Kitty J. Boitnott, PhD, NBCT

Life Strategies, Career Development, & Stress Management Coach


Time...we refer to it all of the "time." For instance, in games, we call for a "time out." At work, we refer to "time for a break" or "break time." At school, we look forward to "recess time." Summer is a "time for vacation." We sometimes refer to recreational time as "party time." In the Bible, there is a reference to "time for all seasons." In fact, the full text goes like this:

"There is a time for everything,

and a season for every activity under the heavens:

    a time to be born and a time to die,
       a time to plant and a time to uproot,
    a time to kill and a time to heal,
       a time to tear down and a time to build,
    a time to weep and a time to laugh,
       a time to mourn and a time to dance,
    a time to scatter stones and a time to gather them,
       a time to embrace and a time to refrain from embracing,
    a time to search and a time to give up,
       a time to keep and a time to throw away,
    a time to tear and a time to mend,
       a time to be silent and a time to speak,
    a time to love and a time to hate,
       a time for war and a time for peace." Ecclesiastes 3: 1-8

Albert Einstein held that time was an "illusion." "The only reason for time is so that everything doesn't happen all at once."

For children, time seems to drag, especially when they are looking forward to something. Ask a three-year-old, how old she is, and she may hold up three fingers, but she will tell you that she is "three and a half." The same goes for a 15-year-old who "can't wait" to be old enough to drive; the 17-year-old who can't wait to be old enough to vote; and the 20-year-old who can't wait to be old enough to drink legally.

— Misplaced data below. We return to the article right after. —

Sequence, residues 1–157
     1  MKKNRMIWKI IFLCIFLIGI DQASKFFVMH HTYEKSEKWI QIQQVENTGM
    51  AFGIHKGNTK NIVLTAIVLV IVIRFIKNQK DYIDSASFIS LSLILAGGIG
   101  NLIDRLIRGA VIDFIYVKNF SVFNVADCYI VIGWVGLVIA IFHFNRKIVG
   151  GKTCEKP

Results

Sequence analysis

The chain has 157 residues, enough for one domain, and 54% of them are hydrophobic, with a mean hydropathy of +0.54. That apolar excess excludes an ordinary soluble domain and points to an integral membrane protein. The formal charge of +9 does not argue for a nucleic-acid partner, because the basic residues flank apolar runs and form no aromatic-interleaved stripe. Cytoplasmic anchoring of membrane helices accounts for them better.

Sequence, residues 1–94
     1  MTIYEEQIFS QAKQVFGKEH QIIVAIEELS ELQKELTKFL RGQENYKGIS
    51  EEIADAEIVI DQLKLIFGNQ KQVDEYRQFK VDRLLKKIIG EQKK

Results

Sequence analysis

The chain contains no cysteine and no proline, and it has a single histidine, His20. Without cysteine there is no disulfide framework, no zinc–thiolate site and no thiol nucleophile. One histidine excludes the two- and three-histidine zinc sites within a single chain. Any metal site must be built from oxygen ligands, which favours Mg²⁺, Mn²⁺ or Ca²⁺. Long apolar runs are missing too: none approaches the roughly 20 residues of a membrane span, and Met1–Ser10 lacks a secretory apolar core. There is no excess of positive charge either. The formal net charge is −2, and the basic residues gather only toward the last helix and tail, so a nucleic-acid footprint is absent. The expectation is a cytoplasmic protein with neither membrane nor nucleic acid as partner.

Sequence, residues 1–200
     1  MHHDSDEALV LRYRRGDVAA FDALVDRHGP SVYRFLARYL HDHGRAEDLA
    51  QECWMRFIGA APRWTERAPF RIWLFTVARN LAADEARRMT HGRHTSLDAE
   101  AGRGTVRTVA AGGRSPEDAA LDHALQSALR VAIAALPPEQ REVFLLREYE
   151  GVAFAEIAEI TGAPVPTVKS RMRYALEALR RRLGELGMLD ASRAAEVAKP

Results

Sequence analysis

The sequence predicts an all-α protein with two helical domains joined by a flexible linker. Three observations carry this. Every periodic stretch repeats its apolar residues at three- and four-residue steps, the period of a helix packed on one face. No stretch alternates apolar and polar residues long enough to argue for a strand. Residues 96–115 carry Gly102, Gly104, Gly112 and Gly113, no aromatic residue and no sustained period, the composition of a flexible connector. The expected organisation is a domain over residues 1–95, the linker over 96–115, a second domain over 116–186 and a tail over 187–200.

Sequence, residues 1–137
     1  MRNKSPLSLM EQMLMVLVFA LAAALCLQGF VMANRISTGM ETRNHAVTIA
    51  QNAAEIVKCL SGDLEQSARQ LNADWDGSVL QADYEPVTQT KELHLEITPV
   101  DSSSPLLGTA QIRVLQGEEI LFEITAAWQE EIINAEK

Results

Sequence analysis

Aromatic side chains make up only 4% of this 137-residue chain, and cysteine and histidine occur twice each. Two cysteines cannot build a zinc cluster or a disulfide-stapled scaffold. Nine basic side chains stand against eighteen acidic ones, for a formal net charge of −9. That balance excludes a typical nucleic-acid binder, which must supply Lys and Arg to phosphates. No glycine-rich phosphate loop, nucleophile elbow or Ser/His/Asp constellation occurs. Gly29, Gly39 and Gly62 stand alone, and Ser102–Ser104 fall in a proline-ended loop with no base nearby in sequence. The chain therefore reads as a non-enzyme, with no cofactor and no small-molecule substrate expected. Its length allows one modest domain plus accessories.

As we get older, however, time seems to speed up. First the years seem to slip up on us and then the months seem to be speeding up as well. As I write this, I am wondering where January through May went. It's June already! Where does the time go?

Yet, we all have the same amount of time. None of us gets an extra hour for good--or bad--behavior. A minute is a minute for all of us. A day is the same 24-hours for each and every one of us. The difference is in how we spend our time. We speak of "quality time" as well as of "time wasted."

Time has been on my mind a lot lately because I am particularly mindful of time speeding by these days. I find that the more I enjoy what I am doing, the faster the time seems to go by.

I am also mindful of the fact that there is a need to balance the time I spend on work with the time I spend on family responsibilities and relationships.

That is why I am so excited about the upcoming webinar that I will be offering in a few weeks on work-life balance. I don't believe that I am the only one, after all, who is struggling with these issues.

How do you use your time? Are you working at creating the balance that you need in order to meet your work obligations AND have a fulfilling personal life? If not, what adjustments do you need to make?

Stay tuned for how to take part in the live webinar that I will be offering on June 24th. Registration will be up soon, and seats will be limited.

And as for a final thought about time, remember, "The bad news is time flies. The good news is you're the pilot." Michael Altshuler




Kitty Boitnott
Boitnott Coaching, LLC

Glen Allen VA 23060
United States of America